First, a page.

McGuire still has some issues to work out with the City, as St. Paul owns a portion of the superblock property that used to function as a bus storage garage.[135] The City, as well as the UPDC, has been frustrated with the lack of specifics that McGuire and the rest of MNUFC ownership have been willing to share on the project, as no tenants have been named as of yet.[136] McGuire said in a December, 2019 land-use meeting with the UPDC that the “odds of (the site) looking exactly like the [2016] master plan are zero.”[137]

There is, however, some cause for optimism as McGuire still intends to break ground on a pair of apartment complexes this fall, with the target completion date in late spring of 2022.[138] It was stated in the article entitled Two housing-retail towers planned by Allianz Field in St. Paul, as an announcement by Ramsey County:

A planned real estate development next to Allianz Field in St. Paul’s Midway includes two towers composed of 234 housing units elevated over new retail and a “parking podium.” Restaurants and co-working spaces would be situated nearby in a third building.

A single layer of underground parking will serve the three buildings, which will be designed by stadium architect Populous.

The St. Paul Port Authority’s credit committee will discuss applying for up to $2 million in public environmental clean-up grants for the two-acre site at 1574 University Ave. West, which is technically the former address of the old Big Top Liquor store.

The two multi-family towers would include 234 housing units and nearly 16,000 square feet of retail space, sitting on top of 148,000 square feet of parking.

An adjacent block will host 19,000 square feet of retail and 30,000 square feet of co-working space in a three-level building. The alley between the two blocks will be “activated,” according to the Port Authority, with a mix of retail and “live-work” spaces.[139]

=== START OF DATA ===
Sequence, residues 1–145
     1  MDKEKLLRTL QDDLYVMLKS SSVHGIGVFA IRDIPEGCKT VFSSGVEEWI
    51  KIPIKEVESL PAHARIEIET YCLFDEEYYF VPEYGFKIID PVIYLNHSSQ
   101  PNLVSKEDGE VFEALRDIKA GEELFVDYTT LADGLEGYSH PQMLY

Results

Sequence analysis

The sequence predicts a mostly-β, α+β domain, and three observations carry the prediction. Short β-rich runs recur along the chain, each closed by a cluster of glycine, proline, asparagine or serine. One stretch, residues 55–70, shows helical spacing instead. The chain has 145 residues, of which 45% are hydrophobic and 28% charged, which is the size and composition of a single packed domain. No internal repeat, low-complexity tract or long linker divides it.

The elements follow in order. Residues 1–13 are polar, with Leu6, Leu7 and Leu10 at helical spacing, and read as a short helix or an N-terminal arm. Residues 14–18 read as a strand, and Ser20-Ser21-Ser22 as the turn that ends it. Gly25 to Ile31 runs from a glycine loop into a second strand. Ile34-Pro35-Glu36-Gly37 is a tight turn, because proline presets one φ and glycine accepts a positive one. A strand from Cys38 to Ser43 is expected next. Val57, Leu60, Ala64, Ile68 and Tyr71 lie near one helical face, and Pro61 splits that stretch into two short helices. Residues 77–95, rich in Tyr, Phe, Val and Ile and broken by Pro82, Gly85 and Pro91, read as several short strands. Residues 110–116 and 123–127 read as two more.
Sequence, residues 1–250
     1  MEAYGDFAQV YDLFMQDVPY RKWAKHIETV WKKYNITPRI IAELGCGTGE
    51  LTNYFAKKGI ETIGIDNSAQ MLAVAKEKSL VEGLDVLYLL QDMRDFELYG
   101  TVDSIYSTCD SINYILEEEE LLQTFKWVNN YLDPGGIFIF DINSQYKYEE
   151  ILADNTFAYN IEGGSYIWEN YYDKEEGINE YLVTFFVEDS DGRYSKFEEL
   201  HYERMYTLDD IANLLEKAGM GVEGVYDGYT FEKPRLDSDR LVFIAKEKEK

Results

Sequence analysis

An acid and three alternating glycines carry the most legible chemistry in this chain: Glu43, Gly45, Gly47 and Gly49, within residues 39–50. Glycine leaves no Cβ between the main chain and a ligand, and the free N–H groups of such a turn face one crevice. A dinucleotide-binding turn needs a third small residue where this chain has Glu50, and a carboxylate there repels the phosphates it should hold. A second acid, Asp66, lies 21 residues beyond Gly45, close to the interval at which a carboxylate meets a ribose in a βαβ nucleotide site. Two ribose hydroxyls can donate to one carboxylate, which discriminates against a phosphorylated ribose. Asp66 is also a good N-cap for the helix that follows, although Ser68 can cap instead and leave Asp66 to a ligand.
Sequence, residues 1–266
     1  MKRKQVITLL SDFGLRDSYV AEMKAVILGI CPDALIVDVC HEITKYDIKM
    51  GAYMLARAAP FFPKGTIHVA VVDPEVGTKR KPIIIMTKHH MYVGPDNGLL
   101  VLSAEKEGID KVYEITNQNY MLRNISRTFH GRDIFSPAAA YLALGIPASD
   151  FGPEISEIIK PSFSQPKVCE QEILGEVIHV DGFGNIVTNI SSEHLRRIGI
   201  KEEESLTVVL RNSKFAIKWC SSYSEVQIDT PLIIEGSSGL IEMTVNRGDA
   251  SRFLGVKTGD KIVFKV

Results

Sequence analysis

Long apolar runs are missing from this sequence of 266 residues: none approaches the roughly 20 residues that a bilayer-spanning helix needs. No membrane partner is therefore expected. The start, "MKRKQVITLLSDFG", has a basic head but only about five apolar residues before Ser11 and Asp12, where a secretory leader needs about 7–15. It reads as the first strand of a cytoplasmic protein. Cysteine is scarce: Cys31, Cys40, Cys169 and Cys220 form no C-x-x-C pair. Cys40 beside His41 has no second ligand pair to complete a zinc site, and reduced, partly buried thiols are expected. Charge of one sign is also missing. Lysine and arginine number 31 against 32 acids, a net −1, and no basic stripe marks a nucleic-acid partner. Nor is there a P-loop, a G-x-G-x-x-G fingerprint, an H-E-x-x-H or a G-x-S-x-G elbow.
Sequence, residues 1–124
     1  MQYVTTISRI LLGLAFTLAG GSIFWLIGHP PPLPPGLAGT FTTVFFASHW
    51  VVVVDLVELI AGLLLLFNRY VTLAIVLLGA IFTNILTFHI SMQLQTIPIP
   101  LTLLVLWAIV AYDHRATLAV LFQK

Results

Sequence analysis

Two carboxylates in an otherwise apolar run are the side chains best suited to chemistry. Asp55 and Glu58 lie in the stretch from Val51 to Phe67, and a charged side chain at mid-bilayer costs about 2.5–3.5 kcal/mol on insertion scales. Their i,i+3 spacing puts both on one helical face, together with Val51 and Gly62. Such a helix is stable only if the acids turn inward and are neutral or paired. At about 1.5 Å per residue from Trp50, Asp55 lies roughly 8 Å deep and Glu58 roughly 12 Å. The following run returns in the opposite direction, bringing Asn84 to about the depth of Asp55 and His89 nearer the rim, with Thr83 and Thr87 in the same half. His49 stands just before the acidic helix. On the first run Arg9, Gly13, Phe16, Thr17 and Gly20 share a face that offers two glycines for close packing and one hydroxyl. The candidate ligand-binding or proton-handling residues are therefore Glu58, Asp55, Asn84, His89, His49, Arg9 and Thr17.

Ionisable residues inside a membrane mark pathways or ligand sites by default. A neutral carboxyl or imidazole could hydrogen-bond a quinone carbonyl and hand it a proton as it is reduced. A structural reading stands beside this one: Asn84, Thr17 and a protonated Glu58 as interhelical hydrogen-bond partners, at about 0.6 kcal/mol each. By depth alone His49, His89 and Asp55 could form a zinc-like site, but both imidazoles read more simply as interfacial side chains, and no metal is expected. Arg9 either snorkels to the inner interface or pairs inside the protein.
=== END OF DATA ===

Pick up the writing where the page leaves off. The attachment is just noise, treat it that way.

Even without the super block project, over 500,000 people came through the neighborhood in 2019 because of the redevelopment of the area.[140] That number only stands to rise once a sense of normalcy returns and the project regains investors and tenants.

In the center of the super block is the Great Lawn Park, an expansive green space just north of the stadium, which features over 20,000 square feet of grass, to be fed by a state-of-the-art water capture system on the roof of Allianz Field.[141] Rainwater is stored in massive tanks held in the stadium and is able to pump out 2 million gallons per year.[142] Tree trenches line the sides of the greenspace, which organically clean the rainwater before it travels downstream.[143] Delaware North, the concessions vendor for Allianz Field, recently applied to have their liquor license extended to cover the Great Lawn Park, marking the beginnings of a vibrant entertainment district.[144]

VI. Conclusion

It is obvious in reviewing the history of the United that soccer in Minnesota has carved out its place and is on the rise. There is a similar held belief that soccer in the United States has done likewise. Stories similar to Minnesota’s have taken place in other cities, notably in Portland and Seattle, considered to be two of the best franchises in MLS.[145] The MLS continues to expand, adding four new franchises in Austin FC (2021), Charlotte (2022), Sacramento Republic FC and St. Louis (2023).[146]  It is unclear how many more teams MLS may add but some cities with other major professional teams already seem ready to take advantage if that occurs. It is easy to see now why Milwaukee could have lost a golden opportunity in not investing into an MLS franchise years ago.